Ways to change the world
In conversation with the current recipient of the Nobel Prize in Economics, Esther Duflo, this session will look at the phenomenon of inequality and the way in which economics and finance can help meet the challenge for a better, more equal, world.
Professor of Poverty Alleviation and Development Economics, MIT; current winner Nobel Prize in Economics (United States)
Esther Duflo is the Abdul Latif Jameel Professor of Poverty Alleviation and Development Economics in the Department of Economics at the Massachusetts Institute of Technology and a co-founder and co-director of the Abdul Latif Jameel Poverty Action Lab (J-PAL). In her research, she seeks to understand the economic lives of the poor, with the aim to help design and evaluate social policies. She has worked on health, education, financial inclusion, environment and governance.
Professor Esther Duflo’s first degrees were in history and economics from Ecole Normale Superieure, Paris. She subsequently received a Ph.D. in Economics from MIT in 1999.
Duflo has received numerous academic honours and prizes including 2019 Sveriges Riksbank Prize in Economic Sciences in Memory of Alfred Nobel (with co-Laureates Abhijit Banerjee and Michael Kremer), the Princess of Asturias Award for Social Sciences (2015), the A.SK Social Science Award (2015), Infosys Prize (2014), the David N. Kershaw Award (2011), a John Bates Clark Medal (2010), and a MacArthur “Genius Grant” Fellowship (2009). With Abhijit Banerjee, she wrote Poor Economics: A Radical Rethinking of the Way to Fight Global Poverty, which won the Financial Times and Goldman Sachs Business Book of the Year Award in 2011 and has been translated into more than 17 languages, and the recently released Good Economics for Hard Times.
Duflo is the editor of the American Economic Review, a member of the National Academy of Sciences and a Corresponding Fellow of the British Academy.
Amanda White is responsible for the content across all Conexus Financial’s institutional media and events. In addition to being the editor of Top1000funds.com, she is responsible for directing the global bi-annual Fiduciary Investors Symposium which challenges global investors on investment best practice and aims to place the responsibilities of investors in wider societal, and political contexts. She holds a Bachelor of Economics and a Masters of Art in Journalism and has been an investment journalist for more than 25 years. She is currently a fellow in the Finance Leaders Fellowship at the Aspen Institute. The two-year program seeks to develop the next generation of responsible, community-spirited leaders in the global finance industry.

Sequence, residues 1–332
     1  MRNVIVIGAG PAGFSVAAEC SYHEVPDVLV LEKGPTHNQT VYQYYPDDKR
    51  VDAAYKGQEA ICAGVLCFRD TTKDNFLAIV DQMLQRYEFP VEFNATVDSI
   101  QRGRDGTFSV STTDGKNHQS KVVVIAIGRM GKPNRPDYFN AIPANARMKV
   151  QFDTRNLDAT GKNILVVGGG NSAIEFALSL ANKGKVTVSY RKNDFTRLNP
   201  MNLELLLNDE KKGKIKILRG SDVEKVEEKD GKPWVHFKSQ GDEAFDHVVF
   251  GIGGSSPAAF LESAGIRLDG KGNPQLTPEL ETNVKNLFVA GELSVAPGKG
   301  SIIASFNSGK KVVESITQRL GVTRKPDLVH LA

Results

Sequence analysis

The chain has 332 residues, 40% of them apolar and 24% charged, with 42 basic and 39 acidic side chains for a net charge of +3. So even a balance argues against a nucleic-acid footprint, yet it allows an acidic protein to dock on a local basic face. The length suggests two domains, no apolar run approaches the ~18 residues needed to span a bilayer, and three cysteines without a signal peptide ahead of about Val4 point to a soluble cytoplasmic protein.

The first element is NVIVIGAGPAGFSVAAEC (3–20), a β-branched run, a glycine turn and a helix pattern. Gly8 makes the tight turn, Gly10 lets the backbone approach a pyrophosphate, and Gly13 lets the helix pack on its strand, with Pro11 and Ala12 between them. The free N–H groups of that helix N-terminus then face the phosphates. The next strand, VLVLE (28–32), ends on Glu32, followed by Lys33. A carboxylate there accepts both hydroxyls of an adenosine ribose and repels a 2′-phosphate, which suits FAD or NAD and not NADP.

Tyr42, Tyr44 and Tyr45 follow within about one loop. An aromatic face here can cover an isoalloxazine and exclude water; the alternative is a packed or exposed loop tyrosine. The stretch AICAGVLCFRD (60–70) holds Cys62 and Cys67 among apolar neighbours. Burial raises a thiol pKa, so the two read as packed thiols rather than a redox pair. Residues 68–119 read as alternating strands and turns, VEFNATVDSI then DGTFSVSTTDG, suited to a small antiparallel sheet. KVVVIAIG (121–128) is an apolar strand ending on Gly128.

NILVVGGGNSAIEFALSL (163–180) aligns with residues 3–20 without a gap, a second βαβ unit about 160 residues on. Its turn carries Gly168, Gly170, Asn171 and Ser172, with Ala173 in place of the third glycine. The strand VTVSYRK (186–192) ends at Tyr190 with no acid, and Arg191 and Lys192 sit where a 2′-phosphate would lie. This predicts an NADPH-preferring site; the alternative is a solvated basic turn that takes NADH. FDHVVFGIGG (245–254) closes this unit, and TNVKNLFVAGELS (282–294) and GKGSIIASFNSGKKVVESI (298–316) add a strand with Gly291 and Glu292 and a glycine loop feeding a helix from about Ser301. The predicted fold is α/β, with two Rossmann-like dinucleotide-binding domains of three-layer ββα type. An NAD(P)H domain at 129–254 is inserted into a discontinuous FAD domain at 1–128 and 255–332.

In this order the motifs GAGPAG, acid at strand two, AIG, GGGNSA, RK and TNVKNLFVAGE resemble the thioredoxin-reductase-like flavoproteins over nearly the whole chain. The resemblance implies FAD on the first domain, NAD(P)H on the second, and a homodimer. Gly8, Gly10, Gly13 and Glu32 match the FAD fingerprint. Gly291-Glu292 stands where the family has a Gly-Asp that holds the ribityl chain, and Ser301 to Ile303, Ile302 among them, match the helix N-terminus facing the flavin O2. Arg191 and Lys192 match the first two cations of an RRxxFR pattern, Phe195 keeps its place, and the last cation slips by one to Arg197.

- COVID-19 is not the great leveller – there are huge differences between how the virus is impacting the rich and the poor within the US for example.
- Developing countries are less well equipped to weather uncertainties in these times. However, even within the US inequality has been growing for decades and is now clearly unsustainable.
- We need to trust developing countries enough to help them drag themselves out of poverty.
- We need to spread out global supply chains to reduce geographic concentration risk and simultaneously provide income across the world. This will require collaboration and the deprioritisation of commercial self-interest.
- We need to create wealth for the poor, not just take wealth from the rich. To reduce poverty incrementally, we need to focus on the simple things that work, for example providing cash incentives for sending children to school.
- Let’s not forget, we have made huge progress in alleviating poverty, but that is not full credit to the World Bank, it is credit to the people of the developing nations.
- If you invest responsibly as an institutional investor, you are by default helping to alleviate poverty.
- ‘Impact washing’ is the new greenwashing and it’s very concerning. How do you really select the investments that truly drive social impact? We should apply the same rigour to impact assessment as investment assessment.